I would say that the casting of Patrick Stewart made up at least 50%, if not more, of our success. Not because he's a great actor, which he is, but because Patrick was not going to be in anything that he wasn't 100% proud of.
He would fight to change dialogue, to make it better. He was totally professional and consequently, because of the trickle down effect, if this wonderful actor cared so much about the product, then we all cared about the product, and we all wanted it to be the best that it could be. As far as I'm concerned, he personified what a captain should be - he was like the touchstone for all of us, I think.
Keeping it Fresh
Did you ever want more scope to explore your character?
When you do a long series - and we did 179 hours of Next Generation - there is the challenge of keeping it fresh, day after day, week after week.
Especially when you're not featured in the episode very much, there is a danger that you'll get lackadaisical, not read the script and just show up and say the lines, hit the marks, and try not to bump into the furniture. But because of Patrick and his attitude, I don't think any of us ever got to that point. We all looked forward to going to work, which it is unusual after five or six or seven years. There is the opportunity to explore that character what you're playing. It's not like in a movie where, even though you may shoot two and a half hours, and an hour and a half ends up on the screen it's condensed. You have to find everything quickly and it's intense.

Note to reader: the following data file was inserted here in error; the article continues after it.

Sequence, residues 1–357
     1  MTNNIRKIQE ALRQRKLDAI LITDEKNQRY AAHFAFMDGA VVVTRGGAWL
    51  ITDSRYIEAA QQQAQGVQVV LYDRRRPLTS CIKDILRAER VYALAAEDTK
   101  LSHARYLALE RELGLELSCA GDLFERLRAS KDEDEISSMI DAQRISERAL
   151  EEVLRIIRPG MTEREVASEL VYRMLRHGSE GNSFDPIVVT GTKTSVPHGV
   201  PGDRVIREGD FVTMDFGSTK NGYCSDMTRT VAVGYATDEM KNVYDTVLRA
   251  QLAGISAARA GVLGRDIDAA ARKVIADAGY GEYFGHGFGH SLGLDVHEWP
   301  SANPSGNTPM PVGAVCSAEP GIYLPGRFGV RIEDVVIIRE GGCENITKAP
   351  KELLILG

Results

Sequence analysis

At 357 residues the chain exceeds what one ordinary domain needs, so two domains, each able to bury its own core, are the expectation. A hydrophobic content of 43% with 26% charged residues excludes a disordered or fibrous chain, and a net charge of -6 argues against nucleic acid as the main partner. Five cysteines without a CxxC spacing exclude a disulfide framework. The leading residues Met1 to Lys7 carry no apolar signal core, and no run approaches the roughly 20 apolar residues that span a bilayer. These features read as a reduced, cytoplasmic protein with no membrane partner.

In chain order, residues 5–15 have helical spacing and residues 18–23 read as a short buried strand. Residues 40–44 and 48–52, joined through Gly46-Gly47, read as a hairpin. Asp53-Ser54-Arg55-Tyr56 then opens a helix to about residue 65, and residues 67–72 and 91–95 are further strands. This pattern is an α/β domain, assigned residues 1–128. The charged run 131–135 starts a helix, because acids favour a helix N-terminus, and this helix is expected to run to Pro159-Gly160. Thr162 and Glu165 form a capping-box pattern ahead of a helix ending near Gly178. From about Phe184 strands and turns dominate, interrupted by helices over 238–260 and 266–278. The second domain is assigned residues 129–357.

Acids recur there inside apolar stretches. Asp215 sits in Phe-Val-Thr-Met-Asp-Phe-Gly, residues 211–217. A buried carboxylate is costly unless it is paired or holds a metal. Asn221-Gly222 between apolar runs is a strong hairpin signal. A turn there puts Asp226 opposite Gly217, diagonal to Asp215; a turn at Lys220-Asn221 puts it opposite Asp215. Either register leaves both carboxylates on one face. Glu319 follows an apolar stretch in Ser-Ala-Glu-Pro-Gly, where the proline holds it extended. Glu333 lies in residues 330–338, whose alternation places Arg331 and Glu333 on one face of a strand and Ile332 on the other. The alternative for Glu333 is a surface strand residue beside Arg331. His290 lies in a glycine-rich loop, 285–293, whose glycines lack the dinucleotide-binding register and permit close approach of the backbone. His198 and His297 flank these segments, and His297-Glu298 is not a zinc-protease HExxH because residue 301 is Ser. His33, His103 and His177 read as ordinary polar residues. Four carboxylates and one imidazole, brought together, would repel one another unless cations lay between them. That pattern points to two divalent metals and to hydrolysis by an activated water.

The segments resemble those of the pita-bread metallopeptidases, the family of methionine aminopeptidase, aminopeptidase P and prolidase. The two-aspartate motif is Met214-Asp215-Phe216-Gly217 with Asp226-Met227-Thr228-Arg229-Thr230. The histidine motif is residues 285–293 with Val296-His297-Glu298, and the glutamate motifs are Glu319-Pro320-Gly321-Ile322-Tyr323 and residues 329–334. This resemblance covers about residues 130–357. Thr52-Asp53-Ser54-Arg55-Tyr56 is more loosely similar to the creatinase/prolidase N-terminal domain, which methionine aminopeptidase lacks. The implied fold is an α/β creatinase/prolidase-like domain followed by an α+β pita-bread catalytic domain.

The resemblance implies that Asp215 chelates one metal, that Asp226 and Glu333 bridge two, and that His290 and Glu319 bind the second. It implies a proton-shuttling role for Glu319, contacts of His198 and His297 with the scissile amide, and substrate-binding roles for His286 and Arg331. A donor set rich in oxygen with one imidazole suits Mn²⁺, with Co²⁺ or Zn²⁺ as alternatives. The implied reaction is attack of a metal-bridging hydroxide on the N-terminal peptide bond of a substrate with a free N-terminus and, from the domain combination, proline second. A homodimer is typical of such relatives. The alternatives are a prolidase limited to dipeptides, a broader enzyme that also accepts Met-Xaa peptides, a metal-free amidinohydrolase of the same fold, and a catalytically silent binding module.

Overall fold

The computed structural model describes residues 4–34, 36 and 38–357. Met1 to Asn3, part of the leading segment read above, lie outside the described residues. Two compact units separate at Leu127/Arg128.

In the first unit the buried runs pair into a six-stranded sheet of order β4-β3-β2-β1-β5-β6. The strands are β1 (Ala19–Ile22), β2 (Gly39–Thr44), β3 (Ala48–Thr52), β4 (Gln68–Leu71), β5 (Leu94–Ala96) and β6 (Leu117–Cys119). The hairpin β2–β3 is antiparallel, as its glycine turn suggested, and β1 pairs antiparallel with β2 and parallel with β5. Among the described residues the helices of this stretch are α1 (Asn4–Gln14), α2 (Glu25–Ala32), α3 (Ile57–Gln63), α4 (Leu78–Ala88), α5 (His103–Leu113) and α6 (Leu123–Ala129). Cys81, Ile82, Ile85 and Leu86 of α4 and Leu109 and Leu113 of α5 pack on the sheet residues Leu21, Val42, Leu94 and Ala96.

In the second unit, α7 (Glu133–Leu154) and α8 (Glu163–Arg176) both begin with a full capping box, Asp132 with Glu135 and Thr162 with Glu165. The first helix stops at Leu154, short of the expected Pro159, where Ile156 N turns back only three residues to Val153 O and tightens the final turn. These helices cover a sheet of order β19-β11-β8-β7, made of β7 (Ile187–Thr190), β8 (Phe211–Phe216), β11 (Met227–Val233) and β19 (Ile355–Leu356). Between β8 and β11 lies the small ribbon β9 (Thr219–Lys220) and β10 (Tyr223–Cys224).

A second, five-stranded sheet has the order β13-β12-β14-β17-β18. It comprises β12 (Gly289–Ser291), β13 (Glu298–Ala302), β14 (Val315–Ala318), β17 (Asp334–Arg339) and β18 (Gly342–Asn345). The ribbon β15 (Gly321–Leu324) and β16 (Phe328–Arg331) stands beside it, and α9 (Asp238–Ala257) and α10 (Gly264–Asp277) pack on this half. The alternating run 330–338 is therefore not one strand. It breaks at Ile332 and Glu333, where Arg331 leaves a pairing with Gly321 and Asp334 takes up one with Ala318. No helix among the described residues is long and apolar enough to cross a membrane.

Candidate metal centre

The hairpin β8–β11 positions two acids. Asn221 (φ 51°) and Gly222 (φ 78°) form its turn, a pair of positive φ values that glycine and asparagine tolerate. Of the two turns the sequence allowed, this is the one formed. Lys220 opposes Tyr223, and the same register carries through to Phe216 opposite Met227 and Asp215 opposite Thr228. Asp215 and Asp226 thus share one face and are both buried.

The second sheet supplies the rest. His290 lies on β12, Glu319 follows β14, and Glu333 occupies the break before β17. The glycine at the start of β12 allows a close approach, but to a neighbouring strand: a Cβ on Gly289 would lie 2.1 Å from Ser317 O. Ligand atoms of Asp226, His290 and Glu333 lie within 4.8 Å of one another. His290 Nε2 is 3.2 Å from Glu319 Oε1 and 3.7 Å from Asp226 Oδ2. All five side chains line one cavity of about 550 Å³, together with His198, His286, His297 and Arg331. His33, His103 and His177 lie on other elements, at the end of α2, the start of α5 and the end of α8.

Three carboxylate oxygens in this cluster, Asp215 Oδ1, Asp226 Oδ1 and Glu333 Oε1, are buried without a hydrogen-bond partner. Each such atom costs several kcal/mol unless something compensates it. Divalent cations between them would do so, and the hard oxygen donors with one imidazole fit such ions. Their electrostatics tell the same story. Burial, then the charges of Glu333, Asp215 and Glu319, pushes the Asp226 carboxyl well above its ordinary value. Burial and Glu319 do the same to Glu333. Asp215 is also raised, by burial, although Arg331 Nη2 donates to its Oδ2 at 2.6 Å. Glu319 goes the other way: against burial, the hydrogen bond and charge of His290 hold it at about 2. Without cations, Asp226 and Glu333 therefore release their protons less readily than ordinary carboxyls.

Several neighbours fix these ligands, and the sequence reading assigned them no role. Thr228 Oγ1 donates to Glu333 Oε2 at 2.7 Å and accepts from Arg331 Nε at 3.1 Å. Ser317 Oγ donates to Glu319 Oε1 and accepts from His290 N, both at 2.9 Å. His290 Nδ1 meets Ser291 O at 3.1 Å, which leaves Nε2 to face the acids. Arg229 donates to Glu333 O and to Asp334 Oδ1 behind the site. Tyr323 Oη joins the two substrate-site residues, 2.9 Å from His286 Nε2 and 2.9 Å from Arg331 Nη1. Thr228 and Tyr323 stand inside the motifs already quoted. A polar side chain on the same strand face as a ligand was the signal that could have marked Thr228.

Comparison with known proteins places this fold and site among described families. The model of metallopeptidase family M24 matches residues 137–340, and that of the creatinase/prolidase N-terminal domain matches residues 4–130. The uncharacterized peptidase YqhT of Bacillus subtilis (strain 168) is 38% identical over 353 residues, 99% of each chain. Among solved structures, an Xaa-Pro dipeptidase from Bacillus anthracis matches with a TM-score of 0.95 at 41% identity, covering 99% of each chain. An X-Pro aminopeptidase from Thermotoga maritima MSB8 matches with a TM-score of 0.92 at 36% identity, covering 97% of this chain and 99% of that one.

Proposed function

On a TV show that runs for so long, because they're throwing things at you all the time, new things, things you never thought the character would do or say or or be in positions that you never imagined that she would be in - somehow that always keeps it fresh. Of course, there are episodes where I was just standing around saying 'Captain, he's hiding something,'. But even then, they were challenging, because Patrick Stewart would say things like, 'Well, we know that, you stupid cow . Waste of space, come on, get on with it.' and so it was fresh because it was funny and it never got stale.
On how her parts in the films can be surprising
In the films, although my parts haven't been excessively large, they've been interesting, too, because they've managed to give me new things to do that I never thought Troi would do. In First Contact, Troi was the comedy and that was extraordinary to me, because every time I tried to make Troi funny in the series, it never worked, I was actually convinced that although Marina was quite funny, Troi had no comic timing at all. And I would try to do something and John would say, 'Oh no, no, don't do that, she's not funny .' Somehow, the writers did it because the writers want to be interested, and the producers, everyone wants to do something fresh. It's a great opportunity to really delve into a character, and get all the nooks and crannies - the different emotions and different reactions - and build up a history for her.
Were you surprised at the level of success that Next Generation found?